The Cabinet yesterday reassured the public that there is an ample supply of toilet paper and there is no need to stockpile paper out of panic.
Amid reports yesterday that toilet paper was flying off shelves as consumers flocked to supermarkets due to reports that prices would rise dramatically next month, Cabinet spokesman Hsu Kuo-yung (徐國勇) said there is sufficient supply and people need not panic.
The Executive Yuan’s Consumer Protection Committee confirmed with supermarket chains that shelves have been replenished and there is sufficient stock, Hsu said.
The expected rise in toilet paper prices follows an increase in international pulp prices, but a rise in the retail prices of toilet paper would not affect the prices of other commodities, because toilet paper is an end product, Hsu said.
Some retail chains are still putting toilet rolls on sale at reduced prices and consumers’ bulk buying of toilet paper is caused by panic over the price rise, Hsu said, adding that the committee and the Fair Trade Commission would closely monitor short-term fluctuations in toilet paper prices to prevent price collusion.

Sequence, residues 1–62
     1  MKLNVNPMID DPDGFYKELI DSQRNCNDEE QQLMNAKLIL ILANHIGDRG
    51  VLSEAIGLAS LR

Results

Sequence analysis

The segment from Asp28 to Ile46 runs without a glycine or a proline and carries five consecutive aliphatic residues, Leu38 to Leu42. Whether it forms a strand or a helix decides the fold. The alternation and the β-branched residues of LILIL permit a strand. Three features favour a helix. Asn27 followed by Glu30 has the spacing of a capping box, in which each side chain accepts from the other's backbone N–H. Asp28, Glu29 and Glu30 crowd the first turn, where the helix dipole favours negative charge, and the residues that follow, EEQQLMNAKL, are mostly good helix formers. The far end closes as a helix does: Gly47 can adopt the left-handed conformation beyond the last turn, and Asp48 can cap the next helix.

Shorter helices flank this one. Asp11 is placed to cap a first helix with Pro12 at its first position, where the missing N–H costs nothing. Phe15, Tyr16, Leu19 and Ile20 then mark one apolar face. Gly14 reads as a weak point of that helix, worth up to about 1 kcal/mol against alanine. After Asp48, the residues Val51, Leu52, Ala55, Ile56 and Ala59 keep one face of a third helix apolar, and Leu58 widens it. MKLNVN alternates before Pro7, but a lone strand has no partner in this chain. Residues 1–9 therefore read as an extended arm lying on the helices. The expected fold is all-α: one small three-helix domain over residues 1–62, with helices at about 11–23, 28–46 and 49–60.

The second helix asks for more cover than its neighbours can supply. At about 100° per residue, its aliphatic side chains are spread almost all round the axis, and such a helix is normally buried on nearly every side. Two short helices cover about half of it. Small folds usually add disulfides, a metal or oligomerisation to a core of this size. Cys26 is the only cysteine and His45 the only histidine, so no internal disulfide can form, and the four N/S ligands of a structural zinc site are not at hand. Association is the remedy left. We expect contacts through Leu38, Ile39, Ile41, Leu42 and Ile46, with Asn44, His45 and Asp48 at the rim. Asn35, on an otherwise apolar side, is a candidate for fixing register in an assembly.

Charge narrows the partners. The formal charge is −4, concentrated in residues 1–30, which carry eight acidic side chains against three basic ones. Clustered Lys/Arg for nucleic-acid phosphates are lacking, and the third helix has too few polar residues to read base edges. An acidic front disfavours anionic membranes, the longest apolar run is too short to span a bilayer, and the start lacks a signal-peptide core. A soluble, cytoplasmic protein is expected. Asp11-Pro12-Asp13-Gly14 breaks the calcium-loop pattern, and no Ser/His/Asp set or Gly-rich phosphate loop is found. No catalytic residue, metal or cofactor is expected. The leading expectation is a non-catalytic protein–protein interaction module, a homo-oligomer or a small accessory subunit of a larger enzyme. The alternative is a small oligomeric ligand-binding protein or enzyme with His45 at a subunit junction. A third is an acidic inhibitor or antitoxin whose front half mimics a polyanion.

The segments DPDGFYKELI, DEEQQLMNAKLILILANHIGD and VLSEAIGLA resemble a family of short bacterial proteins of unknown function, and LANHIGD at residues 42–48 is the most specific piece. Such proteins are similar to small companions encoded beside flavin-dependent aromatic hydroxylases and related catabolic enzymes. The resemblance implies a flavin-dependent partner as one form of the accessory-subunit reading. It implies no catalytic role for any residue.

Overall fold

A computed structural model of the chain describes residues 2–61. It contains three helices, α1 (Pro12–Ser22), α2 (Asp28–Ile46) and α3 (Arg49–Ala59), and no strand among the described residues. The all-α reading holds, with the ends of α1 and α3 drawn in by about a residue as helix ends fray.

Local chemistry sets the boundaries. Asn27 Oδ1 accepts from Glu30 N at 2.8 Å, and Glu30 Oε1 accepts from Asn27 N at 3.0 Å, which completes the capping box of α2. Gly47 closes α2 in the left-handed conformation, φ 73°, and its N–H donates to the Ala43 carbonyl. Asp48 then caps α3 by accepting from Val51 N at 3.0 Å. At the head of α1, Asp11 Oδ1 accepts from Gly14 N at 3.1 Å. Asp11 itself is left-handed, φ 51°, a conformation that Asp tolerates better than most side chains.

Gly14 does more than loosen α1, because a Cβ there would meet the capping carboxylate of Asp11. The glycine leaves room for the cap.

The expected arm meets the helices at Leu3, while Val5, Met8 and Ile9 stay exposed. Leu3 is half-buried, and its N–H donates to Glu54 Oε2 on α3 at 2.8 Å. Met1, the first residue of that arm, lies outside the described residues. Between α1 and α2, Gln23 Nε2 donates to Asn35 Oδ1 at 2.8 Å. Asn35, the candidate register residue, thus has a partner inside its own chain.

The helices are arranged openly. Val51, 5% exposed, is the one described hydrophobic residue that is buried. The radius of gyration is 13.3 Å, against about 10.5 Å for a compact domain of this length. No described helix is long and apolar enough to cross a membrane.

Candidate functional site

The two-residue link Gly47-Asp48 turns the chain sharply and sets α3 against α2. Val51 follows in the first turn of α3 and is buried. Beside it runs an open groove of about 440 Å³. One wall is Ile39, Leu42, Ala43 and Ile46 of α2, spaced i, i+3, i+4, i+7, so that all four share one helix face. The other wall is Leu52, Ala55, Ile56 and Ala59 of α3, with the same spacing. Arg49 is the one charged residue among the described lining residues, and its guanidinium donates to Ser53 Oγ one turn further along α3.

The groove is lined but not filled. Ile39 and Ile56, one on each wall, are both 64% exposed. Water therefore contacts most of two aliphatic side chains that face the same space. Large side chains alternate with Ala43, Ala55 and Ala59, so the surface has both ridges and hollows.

Meanwhile, as the legislature starts its new session today, Premier William Lai (賴清德) is to address the Legislative Yuan to report on product prices, the proposed reactivation of a nuclear reactor and the government response following the deadly earthquake on Feb. 6.
Legislative caucuses only yesterday agreed on the starting date of the session during a cross-caucus meeting at which they requested that Lai report on those issues.
“The rise in toilet paper prices is not a simple matter,” People First Party caucus whip Lee Hung-chun (李鴻鈞) said. “During the oil crisis, the government did not intervene in the rise of retail prices until it was too late. It is a serious a matter.”
Lai should make a detailed report on government earthquake response, power supply and the rise in retail prices, Chinese Nationalist Party (KMT) caucus convener Lee Yen-hsiu (李彥秀) said.
Democratic Progressive Party caucus whip Ker Chien-ming (柯建銘) asked Lai to deliver written reports on the three issues raised by the KMT, in addition to a planned report on the Executive Yuan’s policy agenda.
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